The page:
Trusts and Estates

Putting Stock into a Trust

Reviewed by Betsy Simmons Hannibal, J.D., Golden Gate University School of Law

Talk to a Local Trusts Attorney

You can transfer securities into your living trust, but you must be mindful of state and federal laws as well as any requirements of the stock or bond issuer. You will probably want help from a lawyer, but here are some issues to keep in mind.

Moving Stocks or Bonds to the Trust

To put stocks or bonds that you hold into a trust, you typically use a document called a “securities assignment” (sometimes called a "stock power"). This document asks the securities’ “transfer agent” for permission to transfer the securities to your trust. The transfer agent is the person or company that is responsible for keeping track of the securities issued by a corporation or government. Contact your securities’ transfer agent for details about what it will need to receive.

If the security is publicly traded - bought and sold to the general public through a stock exchange, like the New York Stock Exchange - the stockholder's signature has to be “guaranteed” by a commercial bank or stock brokerage firm. This is similar to having a signature notarized.

If you have brokerage accounts - that is, if a stockbroker holds your stock certificates and sends you periodic statements of account – you will need to send a letter to the brokerage firm requesting the transfer. The firm will require documentation of the trust’s trustee's powers to deal with securities. Each brokerage firm will have its own specific requirements for this process.

Similarly, most mutual funds firms require your guaranteed signature on a letter requesting change of ownership designation.

If you plan on transferring U.S. Savings Bonds, you need to use government form FS Form 1851 to ensure that the bonds are not considered to have been "cashed in" when transferred to the trust. That way, you won't have to report any income from the bonds on your federal taxes. The form is complicated, so it's a good idea to consult an attorney or a financial advisor for help.

ISOP Stock Options

A "qualified incentive stock option" ("ISOP") is an employee stock option that gives both the employer and the employee-stockholder certain tax benefits as long as certain conditions are met, such as not selling the stock within two years after the employee exercises the option (the "anti-disposition" rule).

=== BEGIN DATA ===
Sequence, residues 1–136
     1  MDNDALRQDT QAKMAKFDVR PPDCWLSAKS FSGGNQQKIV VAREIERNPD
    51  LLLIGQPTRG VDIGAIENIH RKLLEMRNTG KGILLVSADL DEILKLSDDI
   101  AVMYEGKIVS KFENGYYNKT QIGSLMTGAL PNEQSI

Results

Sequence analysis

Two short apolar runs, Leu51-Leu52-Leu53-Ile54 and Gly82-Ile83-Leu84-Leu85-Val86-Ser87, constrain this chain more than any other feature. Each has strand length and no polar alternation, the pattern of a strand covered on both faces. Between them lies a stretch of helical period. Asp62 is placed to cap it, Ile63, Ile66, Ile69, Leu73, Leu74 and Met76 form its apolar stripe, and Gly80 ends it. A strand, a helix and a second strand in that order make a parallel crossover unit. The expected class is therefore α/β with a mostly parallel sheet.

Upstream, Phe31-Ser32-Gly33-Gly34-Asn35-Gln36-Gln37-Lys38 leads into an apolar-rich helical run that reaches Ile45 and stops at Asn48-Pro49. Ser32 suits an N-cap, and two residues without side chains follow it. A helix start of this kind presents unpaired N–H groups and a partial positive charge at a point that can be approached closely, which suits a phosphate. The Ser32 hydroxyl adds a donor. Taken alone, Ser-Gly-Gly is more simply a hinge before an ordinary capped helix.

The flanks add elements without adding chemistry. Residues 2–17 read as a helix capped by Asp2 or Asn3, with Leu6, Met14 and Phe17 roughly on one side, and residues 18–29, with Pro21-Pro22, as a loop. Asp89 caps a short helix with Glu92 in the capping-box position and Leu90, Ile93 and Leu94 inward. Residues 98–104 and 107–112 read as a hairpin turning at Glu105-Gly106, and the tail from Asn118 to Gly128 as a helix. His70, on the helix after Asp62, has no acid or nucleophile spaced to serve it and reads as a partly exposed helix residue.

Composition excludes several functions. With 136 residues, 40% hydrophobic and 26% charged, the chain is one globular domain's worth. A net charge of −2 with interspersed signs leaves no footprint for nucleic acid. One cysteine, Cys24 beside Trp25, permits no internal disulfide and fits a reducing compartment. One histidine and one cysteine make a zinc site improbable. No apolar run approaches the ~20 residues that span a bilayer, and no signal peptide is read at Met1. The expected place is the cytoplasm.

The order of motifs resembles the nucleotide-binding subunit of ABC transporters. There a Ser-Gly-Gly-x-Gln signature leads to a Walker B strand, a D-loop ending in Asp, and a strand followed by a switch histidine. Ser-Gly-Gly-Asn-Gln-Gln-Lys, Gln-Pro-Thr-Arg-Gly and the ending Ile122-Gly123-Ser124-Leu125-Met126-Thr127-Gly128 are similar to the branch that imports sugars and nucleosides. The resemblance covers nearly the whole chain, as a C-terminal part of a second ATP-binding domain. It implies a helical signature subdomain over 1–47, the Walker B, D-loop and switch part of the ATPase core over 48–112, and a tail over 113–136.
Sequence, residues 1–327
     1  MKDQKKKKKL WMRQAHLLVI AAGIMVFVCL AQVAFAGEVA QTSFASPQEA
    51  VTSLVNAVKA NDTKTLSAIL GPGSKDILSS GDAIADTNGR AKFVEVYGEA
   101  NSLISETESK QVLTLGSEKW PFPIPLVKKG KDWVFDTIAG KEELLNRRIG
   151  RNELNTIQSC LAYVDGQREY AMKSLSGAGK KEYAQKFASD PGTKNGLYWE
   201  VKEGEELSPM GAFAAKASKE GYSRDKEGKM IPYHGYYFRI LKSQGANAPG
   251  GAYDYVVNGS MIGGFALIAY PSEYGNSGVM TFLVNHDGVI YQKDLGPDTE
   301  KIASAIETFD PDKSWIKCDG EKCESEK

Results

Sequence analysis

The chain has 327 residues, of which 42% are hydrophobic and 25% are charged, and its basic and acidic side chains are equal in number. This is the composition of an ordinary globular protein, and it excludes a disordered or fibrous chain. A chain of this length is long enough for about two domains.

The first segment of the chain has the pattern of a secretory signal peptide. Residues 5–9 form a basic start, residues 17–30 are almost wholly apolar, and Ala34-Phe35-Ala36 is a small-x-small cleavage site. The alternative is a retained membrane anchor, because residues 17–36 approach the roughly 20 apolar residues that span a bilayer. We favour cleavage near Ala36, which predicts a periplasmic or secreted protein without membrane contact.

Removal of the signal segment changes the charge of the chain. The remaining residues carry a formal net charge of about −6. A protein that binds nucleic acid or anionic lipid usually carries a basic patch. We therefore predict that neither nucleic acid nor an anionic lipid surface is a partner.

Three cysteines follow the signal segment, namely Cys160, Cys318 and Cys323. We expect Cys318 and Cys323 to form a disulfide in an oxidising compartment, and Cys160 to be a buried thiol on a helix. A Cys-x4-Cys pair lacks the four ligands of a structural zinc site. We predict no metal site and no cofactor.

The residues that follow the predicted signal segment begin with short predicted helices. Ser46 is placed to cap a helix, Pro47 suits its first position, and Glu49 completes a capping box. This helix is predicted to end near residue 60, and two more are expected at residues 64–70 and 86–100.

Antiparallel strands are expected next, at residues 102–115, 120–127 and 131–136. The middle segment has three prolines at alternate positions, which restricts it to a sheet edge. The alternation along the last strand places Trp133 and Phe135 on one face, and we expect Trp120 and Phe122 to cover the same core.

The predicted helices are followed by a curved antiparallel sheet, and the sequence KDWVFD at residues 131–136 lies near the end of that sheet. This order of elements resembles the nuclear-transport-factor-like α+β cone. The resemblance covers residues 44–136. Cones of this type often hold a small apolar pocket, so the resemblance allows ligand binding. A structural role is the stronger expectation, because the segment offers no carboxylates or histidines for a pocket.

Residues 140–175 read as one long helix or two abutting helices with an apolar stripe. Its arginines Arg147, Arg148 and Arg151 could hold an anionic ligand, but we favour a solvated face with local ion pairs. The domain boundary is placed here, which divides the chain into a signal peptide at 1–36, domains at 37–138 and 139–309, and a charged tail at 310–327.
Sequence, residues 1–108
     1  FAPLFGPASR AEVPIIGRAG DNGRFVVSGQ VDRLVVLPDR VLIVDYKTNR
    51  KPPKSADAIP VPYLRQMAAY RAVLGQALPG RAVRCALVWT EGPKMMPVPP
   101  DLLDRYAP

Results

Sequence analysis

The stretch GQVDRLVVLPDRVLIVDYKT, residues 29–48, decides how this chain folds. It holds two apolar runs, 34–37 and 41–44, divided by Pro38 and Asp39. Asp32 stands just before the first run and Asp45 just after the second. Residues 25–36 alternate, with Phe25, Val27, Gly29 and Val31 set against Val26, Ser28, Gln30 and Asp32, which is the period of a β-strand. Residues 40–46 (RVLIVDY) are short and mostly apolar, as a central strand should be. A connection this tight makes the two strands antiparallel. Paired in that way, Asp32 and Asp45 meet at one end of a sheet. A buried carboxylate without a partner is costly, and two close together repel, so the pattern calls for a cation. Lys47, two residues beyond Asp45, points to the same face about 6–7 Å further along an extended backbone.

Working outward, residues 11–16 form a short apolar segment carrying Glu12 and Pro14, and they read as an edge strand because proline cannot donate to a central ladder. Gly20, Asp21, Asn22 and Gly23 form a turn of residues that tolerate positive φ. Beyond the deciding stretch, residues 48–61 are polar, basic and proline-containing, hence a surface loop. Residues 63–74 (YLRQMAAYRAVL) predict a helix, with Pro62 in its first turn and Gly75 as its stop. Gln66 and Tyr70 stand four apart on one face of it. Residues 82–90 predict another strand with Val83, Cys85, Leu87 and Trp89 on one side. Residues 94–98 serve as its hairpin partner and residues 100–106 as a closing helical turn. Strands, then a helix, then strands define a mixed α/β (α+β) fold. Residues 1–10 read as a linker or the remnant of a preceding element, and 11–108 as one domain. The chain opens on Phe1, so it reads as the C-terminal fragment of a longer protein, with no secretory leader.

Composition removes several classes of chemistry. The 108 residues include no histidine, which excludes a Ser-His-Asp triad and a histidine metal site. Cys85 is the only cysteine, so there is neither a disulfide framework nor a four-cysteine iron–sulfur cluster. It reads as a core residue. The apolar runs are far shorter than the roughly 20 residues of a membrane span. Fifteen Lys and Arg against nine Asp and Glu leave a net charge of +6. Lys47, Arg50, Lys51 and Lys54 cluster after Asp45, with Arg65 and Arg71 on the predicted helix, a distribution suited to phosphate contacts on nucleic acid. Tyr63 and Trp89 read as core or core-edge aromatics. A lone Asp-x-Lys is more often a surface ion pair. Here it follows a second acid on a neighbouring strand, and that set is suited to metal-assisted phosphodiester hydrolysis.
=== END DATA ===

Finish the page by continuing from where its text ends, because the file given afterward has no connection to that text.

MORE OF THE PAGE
Unexercised ISOPs should not be transferred to a living trust. Instead, you should designate the trustee as the person authorized to exercise the options in the event of your death. But, you have to make sure that the trustee is instructed not to sell the stock within two years after the options were first granted to you or within one year after the trustee exercised them.

Closely-Held Stock

A "closely-held" corporation in one in which the stock is publicly traded, but all of the stock is held by just a few stockholders, often family members. You may face a challenge if:

  • you want to transfer such stock to your living trust
  • within the past 10 years the corporation redeemed (bought back) stock from a shareholder, and
  • that same shareholder is one of the beneficiaries of your trust.

The beneficiary whose stock was redeemed probably entered into a "10-year agreement" for tax purposes, and so re-acquisition of the stock other than "by bequest or inheritance" is prohibited. If this is the case, you'll have to dispose of your closely-held stock through your will.

A Lawyer Can Help

Transferring stocks and bonds into a living trust can be tricky. For instructions specific to your situation and your securities, get help from a qualified financial planner or estate planning attorney.t a few stockholders, often family members. You may face a challenge if:

  • you want to transfer such stock to your living trust
  • within the past 10 years the corporation redeemed (bought back) stock from a shareholder, and
  • that same shareholder is one of the beneficiaries of your trust.

The beneficiary whose stock was redeemed probably entered into a "10-year agreement" for tax purposes, and so re-acquisition of the stock other than "by bequest or inheritance" is prohibited. If this is the case, you'll have to dispose of your closely-held stock through your will.

Questions for Your Attorney

  • Can I transfer stock to my living trust myself?
  • Should I exercise my ISOP before I transfer stock to my trust?
  • Does the corporation that issued stock to me have to agree to my trust?
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